Elder Care and New Ways to Stimulate the Economy

The U.S. will see a massive increase in the numbers of both young -old (ages 60 to 74) and old-old (ages 75 or more)  adults over the next decade. Despite the evidence which shows that more, expensive hospital care just increases costs, not patient health or satisfaction of care, there has been a massive increase in new hospital construction in response to the aging population. Studies have shown that Medicare spending in the last two years of life can vary up to 5-fold depending on where you go for treatment (http://www.nytimes.com/2008/04/07/health/policy/07care.html?scp=1&sq=researchers%20find%20huge%20variations%20in%20end%20of%20life%20treatment&st=cse). For example,  Medicare spending costs is $93, 842 per patient at the UCLA Medical Center and $53, 432 at the Mayo Clinic. According to the study’s director, Dr. John Wennberg of Dartmouth Medical School, “Contrary to popular assumption, its the volume of services, not the price per service, that accounts for most of the variation in Medicare spending”. At an institution such as the Mayo Clinic, patient care is coordinated by teams of salaried primary care physicians and nurses which has been shown to keep costs down.

The Institute of Medicine recommended that we should retool the healthcare system in response to the aging population by increasing the number of primary care physicians trained to care for the elderly (gerontologists) (JAMA 299:2611, 2008). To meet the demand they recommend an estimated 36,000 board-certified geriatricians; however, in 2007 only 253 of 468 first year geriatric training fellowships were filled. Why? Because Geriatric Medicine like all of Primary Care Medicine pays little compared to the higher profile specialty and sub-specialtiy fields.

The report also calls for more public, private and community organizations to help prepare family members and friends of elders to assist with home care and feel part of the long term care team. Currently, 70% of elders requiring long term care are cared for by family or friends. These unpaid, unprepared caregivers deliver 8.4 billion hours of home care with an economic value of $89 billion! 

How about using the economic stimulus package to beef up long term care for the aging population? $89 billion economic value!! Lets use some of the stimulus to build affordable, government-subsidized long term care facilities. Currently, nursing homes are only for the rich-costs can run upwards of $60,000 a year. This is a tremendous growth industry that can provide numerous employment opportunities. Caring for our loved ones at home is an economic “downer”. These caregivers are under a lot of strain which results in high absenteeism from work, more chronic disease, and depression all leading to less productivity and less revenue.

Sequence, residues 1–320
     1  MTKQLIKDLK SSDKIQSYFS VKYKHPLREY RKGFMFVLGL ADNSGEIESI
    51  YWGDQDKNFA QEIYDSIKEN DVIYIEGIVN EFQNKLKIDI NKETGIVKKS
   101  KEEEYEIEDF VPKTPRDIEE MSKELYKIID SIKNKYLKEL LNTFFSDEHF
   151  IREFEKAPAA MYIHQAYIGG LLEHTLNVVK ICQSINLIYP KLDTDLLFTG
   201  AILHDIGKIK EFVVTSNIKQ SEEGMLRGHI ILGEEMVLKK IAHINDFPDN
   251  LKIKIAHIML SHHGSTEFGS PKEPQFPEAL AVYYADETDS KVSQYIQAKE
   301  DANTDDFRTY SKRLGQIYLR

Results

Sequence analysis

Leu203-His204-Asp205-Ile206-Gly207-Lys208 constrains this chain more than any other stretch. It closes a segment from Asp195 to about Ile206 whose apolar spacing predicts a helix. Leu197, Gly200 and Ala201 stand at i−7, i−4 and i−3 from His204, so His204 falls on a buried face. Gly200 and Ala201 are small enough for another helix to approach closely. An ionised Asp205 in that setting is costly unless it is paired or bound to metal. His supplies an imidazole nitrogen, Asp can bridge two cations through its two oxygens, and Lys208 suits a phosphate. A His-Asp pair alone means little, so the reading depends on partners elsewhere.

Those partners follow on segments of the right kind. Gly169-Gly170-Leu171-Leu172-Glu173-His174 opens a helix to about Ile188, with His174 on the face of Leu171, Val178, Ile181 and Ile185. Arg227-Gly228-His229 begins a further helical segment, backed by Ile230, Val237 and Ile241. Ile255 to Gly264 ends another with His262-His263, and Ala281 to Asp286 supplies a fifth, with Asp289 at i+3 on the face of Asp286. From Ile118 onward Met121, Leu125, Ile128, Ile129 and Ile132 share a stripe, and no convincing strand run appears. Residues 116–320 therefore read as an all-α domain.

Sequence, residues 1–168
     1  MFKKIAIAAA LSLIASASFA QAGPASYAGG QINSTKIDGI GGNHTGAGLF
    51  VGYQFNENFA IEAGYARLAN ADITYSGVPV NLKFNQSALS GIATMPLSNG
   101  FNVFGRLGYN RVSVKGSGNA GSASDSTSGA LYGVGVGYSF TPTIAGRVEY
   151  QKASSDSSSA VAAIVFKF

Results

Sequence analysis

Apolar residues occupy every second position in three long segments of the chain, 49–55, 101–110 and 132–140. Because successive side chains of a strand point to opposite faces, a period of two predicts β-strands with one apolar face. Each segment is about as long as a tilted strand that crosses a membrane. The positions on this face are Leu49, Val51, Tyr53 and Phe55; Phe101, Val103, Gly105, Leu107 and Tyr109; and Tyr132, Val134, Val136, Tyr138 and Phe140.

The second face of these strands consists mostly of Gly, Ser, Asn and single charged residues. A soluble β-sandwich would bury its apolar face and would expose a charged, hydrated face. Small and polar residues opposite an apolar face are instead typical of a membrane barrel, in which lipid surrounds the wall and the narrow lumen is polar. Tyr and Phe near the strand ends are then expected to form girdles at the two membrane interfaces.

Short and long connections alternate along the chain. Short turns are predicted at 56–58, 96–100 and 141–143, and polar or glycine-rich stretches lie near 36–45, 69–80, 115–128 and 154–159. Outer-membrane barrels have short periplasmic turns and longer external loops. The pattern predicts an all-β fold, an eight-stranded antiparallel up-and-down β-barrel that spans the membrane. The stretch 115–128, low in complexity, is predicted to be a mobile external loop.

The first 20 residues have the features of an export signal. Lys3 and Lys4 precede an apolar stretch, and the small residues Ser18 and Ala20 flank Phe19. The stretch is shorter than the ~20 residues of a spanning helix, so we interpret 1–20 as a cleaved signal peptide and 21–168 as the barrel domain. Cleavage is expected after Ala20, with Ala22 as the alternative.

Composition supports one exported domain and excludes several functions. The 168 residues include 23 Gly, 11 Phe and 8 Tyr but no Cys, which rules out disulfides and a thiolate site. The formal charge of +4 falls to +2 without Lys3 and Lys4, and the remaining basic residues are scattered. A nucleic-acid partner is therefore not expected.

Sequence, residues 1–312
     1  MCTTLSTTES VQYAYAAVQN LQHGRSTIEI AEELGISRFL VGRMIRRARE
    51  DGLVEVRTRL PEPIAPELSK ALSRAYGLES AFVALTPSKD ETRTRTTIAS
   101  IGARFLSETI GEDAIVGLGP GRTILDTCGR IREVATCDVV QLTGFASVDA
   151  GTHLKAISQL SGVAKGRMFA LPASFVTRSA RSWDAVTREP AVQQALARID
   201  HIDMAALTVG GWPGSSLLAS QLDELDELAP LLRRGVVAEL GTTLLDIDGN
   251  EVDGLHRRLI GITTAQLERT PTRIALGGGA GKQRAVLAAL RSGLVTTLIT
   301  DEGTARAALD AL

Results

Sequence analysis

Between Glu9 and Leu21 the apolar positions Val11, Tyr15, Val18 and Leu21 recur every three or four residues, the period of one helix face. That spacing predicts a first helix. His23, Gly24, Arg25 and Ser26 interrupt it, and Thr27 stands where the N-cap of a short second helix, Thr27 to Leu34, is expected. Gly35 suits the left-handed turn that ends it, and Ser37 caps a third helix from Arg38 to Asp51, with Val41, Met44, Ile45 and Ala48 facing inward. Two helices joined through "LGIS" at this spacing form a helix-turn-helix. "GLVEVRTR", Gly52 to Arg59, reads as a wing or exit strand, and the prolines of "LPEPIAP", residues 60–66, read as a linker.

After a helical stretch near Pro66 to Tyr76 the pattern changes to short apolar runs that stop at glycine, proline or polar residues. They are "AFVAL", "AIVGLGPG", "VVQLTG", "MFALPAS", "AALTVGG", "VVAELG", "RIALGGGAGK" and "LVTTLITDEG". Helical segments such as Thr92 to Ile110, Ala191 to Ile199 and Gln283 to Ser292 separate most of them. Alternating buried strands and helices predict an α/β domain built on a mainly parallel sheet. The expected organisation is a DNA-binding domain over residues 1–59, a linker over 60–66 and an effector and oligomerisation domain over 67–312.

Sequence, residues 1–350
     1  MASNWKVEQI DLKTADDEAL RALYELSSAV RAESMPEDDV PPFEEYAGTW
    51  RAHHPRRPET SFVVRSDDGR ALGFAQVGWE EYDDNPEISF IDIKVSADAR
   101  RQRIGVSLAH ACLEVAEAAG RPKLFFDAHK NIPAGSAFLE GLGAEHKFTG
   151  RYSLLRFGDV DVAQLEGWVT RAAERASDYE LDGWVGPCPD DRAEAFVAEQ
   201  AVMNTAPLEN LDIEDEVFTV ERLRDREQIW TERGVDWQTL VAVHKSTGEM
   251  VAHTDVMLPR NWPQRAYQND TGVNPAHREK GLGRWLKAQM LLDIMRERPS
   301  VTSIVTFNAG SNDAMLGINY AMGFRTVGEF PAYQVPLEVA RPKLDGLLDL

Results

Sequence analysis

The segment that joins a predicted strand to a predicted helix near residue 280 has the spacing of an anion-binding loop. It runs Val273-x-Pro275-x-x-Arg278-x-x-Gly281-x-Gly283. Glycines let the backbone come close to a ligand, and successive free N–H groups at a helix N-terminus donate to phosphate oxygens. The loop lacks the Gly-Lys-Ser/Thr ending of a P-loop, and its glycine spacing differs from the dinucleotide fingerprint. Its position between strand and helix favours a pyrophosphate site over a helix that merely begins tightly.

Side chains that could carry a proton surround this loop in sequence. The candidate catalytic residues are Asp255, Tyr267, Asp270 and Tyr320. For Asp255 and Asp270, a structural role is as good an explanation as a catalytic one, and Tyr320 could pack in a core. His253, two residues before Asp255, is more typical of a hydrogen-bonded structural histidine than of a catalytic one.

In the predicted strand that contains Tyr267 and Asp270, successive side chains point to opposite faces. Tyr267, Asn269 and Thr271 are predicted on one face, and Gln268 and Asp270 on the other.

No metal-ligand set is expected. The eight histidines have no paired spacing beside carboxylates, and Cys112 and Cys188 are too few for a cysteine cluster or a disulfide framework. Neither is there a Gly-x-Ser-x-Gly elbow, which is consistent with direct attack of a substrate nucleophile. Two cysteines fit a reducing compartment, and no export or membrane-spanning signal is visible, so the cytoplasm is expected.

There is a lot of evidence which shows that primary care has more bang for the buck for delivering quality healthcare than specialist care. We don’t have to do anymore studies to come up with ways to attrack young doctors into primary care. Pay them more or offer them free education. We’ve been talking about how our current fee for service pay system focuses on number of procedures rather than quality care. Let’s change it! Primary care doctors should be paid handsomely for keeping patients healthy. This would drive healthcare costs down. I don’t think anyone would ague that Mayo’s costs are lower because they provide poor healthcare!

In today’s NY Times, Martin Fackler described some of the mistakes made by Japan when they initiated their stimulus package to recover from their economic downturn of the 1990’s http://community.nytimes.com/article/comments/2009/02/06/world/asia/06japan.html). They spent 180% of their $5.5 trillion dollar economy on mostly infrastructure projects! In the end many economists concluded that spending did little more than sink Japan into more debt leaving an enormous tax burden on future generations. I am not saying we scuttle our stimulus. What I am saying is that we should use the experience of the Japanese economic stimulus and generate a plan that will stimulate our economy. A nonprofit policy group in Japan found that you get the most bang for the buck by investing in care for the elderly and social programs. Financing for schools and education deliver even more stimulus! Yes, I  firmly agree that we must do something about our aging infrastructure. Levees must be rebuilt, schools must be modernized, bridges and roads must be repaired; however, let’s not use stimulus money to build bridges and highways to nowhere.

We can put stimulate our economy and reduce our healthcare costs by spending money on elder long term care. Senior citizens do as well or better when they avoid hospitalizations in the end of life and the economy would prosper by reducing costs and expanding a whole new industry.

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